More than 400 1st Brigade Soldiers live in the barracks according to Sgt. 1st Class, David Rocha, 1st Squadron, 4th Cavalry Regiment, 1st Armored Brigade Combat Team, 1st Infantry Division, the brigade's barracks manager.
All single Soldiers with the rank of sergeant and below are required to live in the barracks. And just like everything in the military, there is a process.
First, a Soldier will fill out documents on the Enterprise Military Housing website, www.emh.housing.navy.mil with a certified barracks manager. After completing the eMH form, each Soldier takes inventory of the room and turns it into the barracks manager within five business days. This protects the Soldier and the government property. The condition of every item is documented, and the Soldier only would have to pay for any damage that occurs while he has the issued furnishings.
After the forms are done, the room becomes home.
"A lot of times, the new Soldiers coming in -- this is the first time they spend away from home, so we try to make it as comfortable for them as we can," said Sgt. Bryce Brodeur, barracks manager for the 287th Military Police Company, 97th Military Police Battalion.
Soldiers move into a furnished room equipped with a kitchen and dining area, bathroom and walk-in closet. Barracks rooms also have a ceiling fan, desk, rolling chair, nightstand and a bed.
They can rearrange and add additional furniture, hang pictures and buy entertainment systems, but Rocha said most Soldiers leave their rooms as is.
"The less stuff, the better especially when you have to move," said Sgt. Janette Blunt 1st Inf. Div. Soldier, barracks resident and president of the Better Opportunities for Single Soldiers.
Blunt advises Soldiers to live minimally and just have the things they need.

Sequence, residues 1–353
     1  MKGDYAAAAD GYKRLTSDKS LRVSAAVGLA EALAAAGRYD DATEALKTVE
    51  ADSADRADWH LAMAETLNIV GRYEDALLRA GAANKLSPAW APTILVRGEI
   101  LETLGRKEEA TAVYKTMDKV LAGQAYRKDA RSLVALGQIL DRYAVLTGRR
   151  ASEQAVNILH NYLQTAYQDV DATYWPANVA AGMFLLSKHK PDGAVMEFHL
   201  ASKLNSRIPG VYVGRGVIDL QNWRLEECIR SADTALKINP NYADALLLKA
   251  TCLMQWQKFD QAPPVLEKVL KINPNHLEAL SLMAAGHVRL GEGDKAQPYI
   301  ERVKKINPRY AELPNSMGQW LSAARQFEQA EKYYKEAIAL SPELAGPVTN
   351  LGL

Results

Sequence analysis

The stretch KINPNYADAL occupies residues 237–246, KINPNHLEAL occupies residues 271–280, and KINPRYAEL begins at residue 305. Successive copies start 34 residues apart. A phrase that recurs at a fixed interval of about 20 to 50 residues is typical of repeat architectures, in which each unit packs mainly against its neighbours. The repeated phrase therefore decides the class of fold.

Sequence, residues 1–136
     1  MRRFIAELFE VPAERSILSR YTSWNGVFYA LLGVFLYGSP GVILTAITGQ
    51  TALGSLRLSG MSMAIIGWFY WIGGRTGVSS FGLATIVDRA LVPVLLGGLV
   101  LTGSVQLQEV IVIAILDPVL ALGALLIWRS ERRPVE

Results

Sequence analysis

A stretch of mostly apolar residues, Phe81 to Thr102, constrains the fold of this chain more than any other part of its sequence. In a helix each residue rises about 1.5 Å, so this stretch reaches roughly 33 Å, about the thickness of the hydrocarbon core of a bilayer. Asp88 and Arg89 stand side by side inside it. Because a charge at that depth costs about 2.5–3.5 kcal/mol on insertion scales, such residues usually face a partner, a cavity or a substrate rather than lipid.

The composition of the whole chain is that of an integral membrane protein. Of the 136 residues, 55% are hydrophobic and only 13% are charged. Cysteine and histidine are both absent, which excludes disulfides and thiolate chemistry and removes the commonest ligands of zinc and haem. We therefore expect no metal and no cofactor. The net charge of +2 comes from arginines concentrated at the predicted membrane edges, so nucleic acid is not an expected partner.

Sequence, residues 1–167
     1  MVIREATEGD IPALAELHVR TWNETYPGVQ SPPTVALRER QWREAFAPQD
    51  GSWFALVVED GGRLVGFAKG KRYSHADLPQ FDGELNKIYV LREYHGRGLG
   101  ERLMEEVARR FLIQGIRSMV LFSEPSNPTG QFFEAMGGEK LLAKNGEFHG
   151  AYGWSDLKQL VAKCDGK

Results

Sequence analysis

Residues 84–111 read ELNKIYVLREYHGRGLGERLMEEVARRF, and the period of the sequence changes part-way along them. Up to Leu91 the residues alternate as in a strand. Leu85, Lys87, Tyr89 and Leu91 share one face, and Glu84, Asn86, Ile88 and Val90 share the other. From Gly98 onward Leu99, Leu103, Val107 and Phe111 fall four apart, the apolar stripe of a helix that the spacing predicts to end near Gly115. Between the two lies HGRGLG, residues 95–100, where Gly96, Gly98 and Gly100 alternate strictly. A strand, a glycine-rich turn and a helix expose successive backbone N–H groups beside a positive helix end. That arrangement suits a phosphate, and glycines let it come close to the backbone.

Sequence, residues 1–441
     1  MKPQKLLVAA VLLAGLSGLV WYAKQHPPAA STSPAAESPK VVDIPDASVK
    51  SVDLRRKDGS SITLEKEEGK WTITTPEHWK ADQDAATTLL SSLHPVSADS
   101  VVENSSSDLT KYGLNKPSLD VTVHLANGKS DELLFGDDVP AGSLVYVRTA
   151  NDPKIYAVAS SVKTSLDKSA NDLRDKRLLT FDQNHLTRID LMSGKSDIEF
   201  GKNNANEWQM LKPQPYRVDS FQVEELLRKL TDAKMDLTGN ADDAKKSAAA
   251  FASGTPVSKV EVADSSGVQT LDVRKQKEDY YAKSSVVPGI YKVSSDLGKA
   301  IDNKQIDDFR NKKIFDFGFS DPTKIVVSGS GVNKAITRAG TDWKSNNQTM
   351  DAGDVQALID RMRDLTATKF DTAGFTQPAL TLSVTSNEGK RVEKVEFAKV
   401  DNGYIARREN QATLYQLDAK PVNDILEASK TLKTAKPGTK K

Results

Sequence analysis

One thing Soldiers need is knowledge about what is required while living in the barracks.
Brodeur said it is essential to maintain the military's cleanliness standard. Accountability measures are in place and Soldiers have weekly room-checks. Keeping a clean and orderly room will also make the check-out process go smoothly.
Though there are rules, there are also perks.
Pvt. Sinjin Eurbina a barracks resident from the 97th MP Bn., said a benefit of living in the barracks is having no bills and being on post, close to work and not having to deal with the off-post traffic.
Though saving time and money are factors, there are some challenges -- like getting some distance from the workplace.
"I would encourage Soldiers to find a hobby, and I know many of them do," Blunt said.
She said, spiritual, emotional, physical and mental well-being are important to have and maintain, and there are many activities offered on post through the Directorate of Family and Morale, Welfare and Recreation and Better Opportunities for Single Soldiers programs.
While Soldiers are responsible for working on their own self-improvement, the specialists at Directorate of Public Works Housing Division take care of the buildings.
"They are continuously improving … There are lots of plans in place to upgrade these buildings and make them better for the quality of living," Brodeur said.
The barracks are routinely evaluated for needed repairs and upgrades. This year according to Pam Morlewski, Unaccompanied Personnel Housing branch chief, more than half of the 66 barracks buildings are having some kind of work done. The work includes three major renovations, several new boilers, humidity control systems and flooring upgrades.